I bet you're tired of seeing that video of the snowy Metrodome collapse by now. I know I am. But if you live in Minnesota, it's hard to ignore the snow. It's even harder to find something blooming.
I'm not home for this Garden Bloggers Bloom Day. Otherwise I'd scrounge around the house and maybe find an African violet or a kalanchoe with a few measly petals. I'd then have to give them a "glamour shot" treatment; a tight shot with soft focus or such to make them presentable for an audience.
As it is, I'm out of town getting ready to attend my daughter's college graduation in just a few days. And to be honest, GBBD had completely slipped my mind. Let's hope that's all that slips, freezing rain predicted for today. There's seems to be no escaping this winter.
Poinsettias can be cliche, and then there are all the variations on a theme; pink, maroon, green and those goddawful freckled ones. Then there's the glitter and dye-jobs. It's sad when our plants have to wear makeup. I think I still like the classic red; this one I've enjoyed immensely, with it's slight touch of variegation. Here's a photo from last week...
If you already have your holiday shopping done, you probably don't need this list. However, if you've been waiting for divine inspiration or panic to spur you on, maybe I can help.
If I only had to shop for gardeners, gift-buying would be a giddy, fun-filled spree skipping through the internet and multiple garden centers. I think, as a group, we are a grateful bunch, a group that's easy to please.
Just be glad you don't have to shop for my husband; good, all-around guy but not a gardener. His mother and I brainstormed on this gift topic recently but only came up with headaches.
I'll be the first to tell you that we bloggers get lots of samples and goodies. They come from generous and well-intentioned people hoping that we will find them delightful and/or useful, and then write about the wonders of their product. I'll admit right up front, that a few of my suggestions might spring from this, but mostly they are practical things that I myself would be happy to receive, any time of the year for that matter. So here we go...
Gloves: We can never have enough gloves. We lose them, we poke through them, we lend them. A collection of gloves would be good; heavy goatskin for rose-pruning, rubber-coated for digging damp soil and thin, stretchy for delicate seedling work.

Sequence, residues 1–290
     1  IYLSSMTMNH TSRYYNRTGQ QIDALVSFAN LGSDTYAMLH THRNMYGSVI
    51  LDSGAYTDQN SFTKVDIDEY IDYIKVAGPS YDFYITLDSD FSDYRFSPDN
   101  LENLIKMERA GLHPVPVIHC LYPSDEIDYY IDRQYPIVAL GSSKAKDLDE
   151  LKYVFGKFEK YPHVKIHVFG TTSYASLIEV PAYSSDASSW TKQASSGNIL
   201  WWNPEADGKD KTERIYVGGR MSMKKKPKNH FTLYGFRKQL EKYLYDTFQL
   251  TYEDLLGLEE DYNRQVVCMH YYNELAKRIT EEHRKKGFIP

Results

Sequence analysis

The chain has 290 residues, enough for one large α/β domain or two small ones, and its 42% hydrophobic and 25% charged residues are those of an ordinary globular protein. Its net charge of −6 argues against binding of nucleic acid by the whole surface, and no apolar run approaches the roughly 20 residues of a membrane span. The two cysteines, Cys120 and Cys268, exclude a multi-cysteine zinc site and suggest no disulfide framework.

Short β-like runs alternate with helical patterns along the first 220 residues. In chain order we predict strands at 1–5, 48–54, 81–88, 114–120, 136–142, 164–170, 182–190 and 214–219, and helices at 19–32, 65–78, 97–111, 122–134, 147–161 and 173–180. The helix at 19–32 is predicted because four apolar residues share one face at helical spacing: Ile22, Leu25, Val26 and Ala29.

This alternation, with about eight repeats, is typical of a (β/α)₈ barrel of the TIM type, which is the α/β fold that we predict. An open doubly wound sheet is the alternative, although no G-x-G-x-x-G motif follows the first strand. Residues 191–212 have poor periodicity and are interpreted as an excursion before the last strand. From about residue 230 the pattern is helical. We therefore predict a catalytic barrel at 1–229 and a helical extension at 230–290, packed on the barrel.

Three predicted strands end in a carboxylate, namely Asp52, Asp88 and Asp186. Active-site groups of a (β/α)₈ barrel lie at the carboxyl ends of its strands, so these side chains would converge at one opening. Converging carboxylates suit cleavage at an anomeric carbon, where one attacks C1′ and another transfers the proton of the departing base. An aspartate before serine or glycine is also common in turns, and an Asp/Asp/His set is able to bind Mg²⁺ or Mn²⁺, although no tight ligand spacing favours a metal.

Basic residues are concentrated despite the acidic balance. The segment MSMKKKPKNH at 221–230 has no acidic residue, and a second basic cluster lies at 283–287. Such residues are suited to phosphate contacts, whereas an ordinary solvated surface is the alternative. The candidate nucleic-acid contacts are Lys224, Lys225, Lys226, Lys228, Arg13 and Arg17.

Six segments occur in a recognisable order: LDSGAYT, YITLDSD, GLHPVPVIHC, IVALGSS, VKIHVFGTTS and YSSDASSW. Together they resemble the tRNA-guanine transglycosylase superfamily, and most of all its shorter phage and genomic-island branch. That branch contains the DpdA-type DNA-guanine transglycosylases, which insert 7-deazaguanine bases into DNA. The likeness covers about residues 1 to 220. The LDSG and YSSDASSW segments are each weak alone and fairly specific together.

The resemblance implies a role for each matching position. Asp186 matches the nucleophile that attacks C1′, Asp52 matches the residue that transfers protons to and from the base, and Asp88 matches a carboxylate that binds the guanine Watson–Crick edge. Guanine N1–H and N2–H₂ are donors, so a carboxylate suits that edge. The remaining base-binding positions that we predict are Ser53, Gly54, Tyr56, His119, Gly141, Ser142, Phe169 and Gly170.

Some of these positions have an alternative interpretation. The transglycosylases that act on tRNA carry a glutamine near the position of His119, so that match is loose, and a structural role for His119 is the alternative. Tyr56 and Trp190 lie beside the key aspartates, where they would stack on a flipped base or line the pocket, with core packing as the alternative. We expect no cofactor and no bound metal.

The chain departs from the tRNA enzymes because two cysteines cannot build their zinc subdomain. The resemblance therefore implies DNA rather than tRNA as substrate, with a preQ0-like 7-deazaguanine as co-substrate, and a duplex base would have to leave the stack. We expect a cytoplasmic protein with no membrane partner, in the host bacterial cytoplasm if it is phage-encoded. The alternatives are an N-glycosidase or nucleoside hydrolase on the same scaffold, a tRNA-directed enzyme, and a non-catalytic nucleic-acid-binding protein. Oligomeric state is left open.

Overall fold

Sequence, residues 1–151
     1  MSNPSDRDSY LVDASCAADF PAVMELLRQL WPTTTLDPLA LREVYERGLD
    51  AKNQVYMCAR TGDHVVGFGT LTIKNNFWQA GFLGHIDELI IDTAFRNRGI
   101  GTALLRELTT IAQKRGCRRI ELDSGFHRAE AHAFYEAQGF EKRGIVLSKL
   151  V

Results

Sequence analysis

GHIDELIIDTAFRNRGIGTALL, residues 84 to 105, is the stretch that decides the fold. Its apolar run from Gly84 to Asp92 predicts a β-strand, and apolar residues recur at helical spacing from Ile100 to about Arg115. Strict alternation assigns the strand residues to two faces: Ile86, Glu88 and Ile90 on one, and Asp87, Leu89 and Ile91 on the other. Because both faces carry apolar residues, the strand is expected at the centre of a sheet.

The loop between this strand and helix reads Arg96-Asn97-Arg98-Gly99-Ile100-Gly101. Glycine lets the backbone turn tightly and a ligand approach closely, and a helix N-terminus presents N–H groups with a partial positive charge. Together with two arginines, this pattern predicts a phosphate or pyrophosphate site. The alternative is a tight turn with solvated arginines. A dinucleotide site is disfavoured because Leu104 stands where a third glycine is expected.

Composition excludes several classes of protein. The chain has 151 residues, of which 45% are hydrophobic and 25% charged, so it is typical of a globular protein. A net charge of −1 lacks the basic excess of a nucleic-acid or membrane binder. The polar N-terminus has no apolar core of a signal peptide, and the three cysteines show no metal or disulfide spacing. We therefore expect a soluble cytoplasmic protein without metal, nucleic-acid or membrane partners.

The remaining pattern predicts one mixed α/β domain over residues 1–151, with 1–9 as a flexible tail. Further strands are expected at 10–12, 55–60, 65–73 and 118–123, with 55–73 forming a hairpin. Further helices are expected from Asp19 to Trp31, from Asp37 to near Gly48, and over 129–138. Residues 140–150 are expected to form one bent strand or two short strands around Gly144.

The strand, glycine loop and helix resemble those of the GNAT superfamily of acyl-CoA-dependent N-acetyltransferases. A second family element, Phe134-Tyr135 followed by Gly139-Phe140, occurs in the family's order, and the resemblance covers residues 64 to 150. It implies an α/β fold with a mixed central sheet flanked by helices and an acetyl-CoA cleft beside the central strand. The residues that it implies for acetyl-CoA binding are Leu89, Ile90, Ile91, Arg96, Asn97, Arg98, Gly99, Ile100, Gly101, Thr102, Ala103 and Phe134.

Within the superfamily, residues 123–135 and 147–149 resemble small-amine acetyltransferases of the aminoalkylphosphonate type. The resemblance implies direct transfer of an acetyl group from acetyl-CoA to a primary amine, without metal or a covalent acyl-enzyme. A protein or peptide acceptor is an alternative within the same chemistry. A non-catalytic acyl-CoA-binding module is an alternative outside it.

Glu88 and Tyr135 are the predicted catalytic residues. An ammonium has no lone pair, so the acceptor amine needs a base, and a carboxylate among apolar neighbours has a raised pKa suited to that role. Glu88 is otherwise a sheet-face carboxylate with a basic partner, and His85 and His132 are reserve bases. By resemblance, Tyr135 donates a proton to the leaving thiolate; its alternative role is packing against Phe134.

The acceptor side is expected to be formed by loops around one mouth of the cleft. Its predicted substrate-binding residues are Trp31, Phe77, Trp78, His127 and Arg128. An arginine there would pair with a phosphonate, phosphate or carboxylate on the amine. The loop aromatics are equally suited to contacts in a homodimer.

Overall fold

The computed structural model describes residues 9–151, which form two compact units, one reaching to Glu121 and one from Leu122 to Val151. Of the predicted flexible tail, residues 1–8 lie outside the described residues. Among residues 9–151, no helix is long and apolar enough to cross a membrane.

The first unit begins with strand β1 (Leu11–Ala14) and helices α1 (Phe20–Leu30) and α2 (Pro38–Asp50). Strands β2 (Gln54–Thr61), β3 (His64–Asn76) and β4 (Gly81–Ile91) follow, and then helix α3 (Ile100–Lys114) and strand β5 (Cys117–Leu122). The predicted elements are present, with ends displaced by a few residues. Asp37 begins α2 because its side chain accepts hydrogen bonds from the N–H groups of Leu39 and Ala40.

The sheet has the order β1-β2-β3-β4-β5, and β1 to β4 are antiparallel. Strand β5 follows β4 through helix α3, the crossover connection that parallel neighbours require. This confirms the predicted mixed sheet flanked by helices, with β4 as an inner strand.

Plant Journal: While some of us will never be so organized as to actually use one, we'd like to have one just in case. There's an online plant journal called Plant Jotter, that takes garden planning and recording to a whole new level.
Mason Bee House: Beyond bird feeders this is the perfect gift for habitat gardeners. Mason bees use the bamboos tubes inside the cute little shelter to lay eggs and store nectar and pollen. Mason bees are 20 times more efficient than honeybees, and they don't sting.
Dibble: What? A dibble or dibber is a sharp, pointy tool with a T-shape handle, an old-fashioned tool that makes for fast planting of seeds, bulbs and young plants. A life-changing tool for me, it's great for what I call speed-planting. You can find them in garden stores and online catalogs.
Camera: Whether it's a point-and-shoot or a big, fancy digital SLR; a camera can bring so much to your gardening. Photographing your garden makes you see it in a whole new way; recording your growth and bloom times, helping with design issues, seeing seasonal interest not to mention lots of pictures to pull out and show off to your friends. For the real geeky gardener, go one step further with a macro lens for bug closeups. Yes, I have one and no, it wasn't free.
Tools: Trowels, pruners, weeders, shears, etc. You can't go wrong with iconic red-handled Felcos, however Corona tools are making a big push with their new line. They've put a lot of thought into ergonomics; scaling them to fit feminine hands. I love Oxo tools in the kitchen and now they are coming out with garden tools too.
Garden Magazine Subscriptions: Hey, when we aren't gardening, we like to read about gardening. Right now publishers are practically giving away magazines, just to keep readership during the tough economy. I recommend anything that Better Homes and Gardens does, Fine Gardening, Birds and Blooms, Garden Design and Horticulture. If you live in my neck of the woods, buy local and give a year of Northern Gardener.
Seeds: We love seeds. Seed packets give us hope and something to hold in our hands during the long winters. Lots of catalogs are out before Christmas with yummy photos to dream over. Give a gift certificate for spring or pick out some and personalize the plant. Try purveyors of unique and heirloom seeds like Renee's, Seeds of Change, Seed-Savers,Johnny's and Baker Creek.
Let me know if you have suggestion too. Otherwise, what are you waiting for? Get shopping!